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gmc canyon repair, fixing the crappy ground

I mentioned before (which does list the parts) the issue on GMC Canyon/Chevrolet Colorado trucks where the HVAC fans completely stop working for no reason while running. Today I fixed it myself at my father's place because he had the tools I needed. The job took about a half-hour to complete.

The fix for the buggy HVAC fans in a Canyon is to fix the ground connection, which is oh-so crappy from the factory. This not only improves the connection but also prevents the blower resistor from failing again, again and again.

Short description of fix:

  1. Remove bolt from passenger side fender under the hood holding splice pack.
  2. Sand off paint where the splice pack strap met the fender.
  3. Sand off coating on splice pack strap where strap met the fender.
  4. Sand off coating on splice pack strap where bolt washer meets strap.
  5. Reattach, seal.

Long description of fix:

The splice pack is a small black box directly to the left of the air filter. You need to remove the air filter cover and air filter itself in order to get to it, so the first thing I did was pop off the three clips holding the air filter cover, removed cover, put to the side, then removed the air filter so I could get easy access to this little box bolted into the fender.

The bolt is a 10mm, so I used a ratchet to remove that.

After that I decided to tackle removing the coating off the strap first. The bolt thread side was easy. I used a very small cone-shaped sand drum on a Dremel and sanded that down until it was shiny.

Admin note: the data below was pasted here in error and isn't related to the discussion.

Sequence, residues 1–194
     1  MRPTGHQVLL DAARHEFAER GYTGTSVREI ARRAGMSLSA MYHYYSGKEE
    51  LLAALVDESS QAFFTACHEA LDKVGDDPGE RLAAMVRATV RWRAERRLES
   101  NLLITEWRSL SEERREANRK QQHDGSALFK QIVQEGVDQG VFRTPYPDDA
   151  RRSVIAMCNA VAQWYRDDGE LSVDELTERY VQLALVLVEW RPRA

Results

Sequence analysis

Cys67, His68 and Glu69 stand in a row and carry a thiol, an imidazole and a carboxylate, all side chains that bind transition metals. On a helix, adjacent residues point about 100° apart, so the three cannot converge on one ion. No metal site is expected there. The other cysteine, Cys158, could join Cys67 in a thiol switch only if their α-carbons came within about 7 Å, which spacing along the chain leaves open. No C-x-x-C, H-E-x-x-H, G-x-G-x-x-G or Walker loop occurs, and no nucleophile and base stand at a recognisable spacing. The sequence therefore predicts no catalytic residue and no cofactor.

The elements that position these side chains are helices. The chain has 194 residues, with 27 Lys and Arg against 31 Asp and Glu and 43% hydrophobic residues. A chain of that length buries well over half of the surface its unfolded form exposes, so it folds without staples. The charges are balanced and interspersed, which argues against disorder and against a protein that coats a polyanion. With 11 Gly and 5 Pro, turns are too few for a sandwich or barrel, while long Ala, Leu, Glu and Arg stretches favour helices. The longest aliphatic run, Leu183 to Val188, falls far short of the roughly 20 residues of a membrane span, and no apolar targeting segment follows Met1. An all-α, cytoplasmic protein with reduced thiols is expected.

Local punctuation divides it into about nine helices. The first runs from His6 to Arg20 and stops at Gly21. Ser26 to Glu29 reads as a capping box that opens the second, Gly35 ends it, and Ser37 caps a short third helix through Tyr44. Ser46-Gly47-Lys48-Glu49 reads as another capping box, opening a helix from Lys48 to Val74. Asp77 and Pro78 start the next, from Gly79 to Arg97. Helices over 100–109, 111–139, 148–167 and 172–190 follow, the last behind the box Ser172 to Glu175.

The other side however was a pain in the ass. Since the bolt will NOT come out of the strap no matter what you do, and the fact there's a bolt washer there, I had to manually sand that by folding some sandpaper, wedge it between the bolt washer and strap and sand that down as best I could.

Once that was completed I sanded off a ring of paint surrounding the hole where the bolt goes. This was the easiest part of the job.

The bolt was then reattached, and I used some RTV silicone sealant to seal it up so it wouldn't rust. To help me out I used a small modelers brush to get into the tight spots.

The directions on the sealant said to let it cure for at least 30 minutes, so I left the hood open for that long to let the sealant do its thing. After that I shut the hood and it was a done deal.

Result of fix:

The first obvious thing was that the chirping noise the blower motor made at low speeds decreased significantly, almost to the point where I no longer hear it. This strongly indicates that that motor may have been arcing ever so slightly when it was in use with the original crappy ground.

The second thing I noticed is that my A/C now blows colder. Nice side effect, especially in Florida.

The third is that the truck is much more "civilized" when driving her. She seems a lot more tame in a real good way. From acceleration curve to highway manners and just about everything in between, she's just an all around better driver now. Maybe it's all in my head, but it was something I noticed. On the highway in particular, I thought, "Wait a sec.. she's driving a lot more smoothly..?" Yeah, she was.

Does fixing a crappy ground connection really make that much of a difference? Evidently it does.

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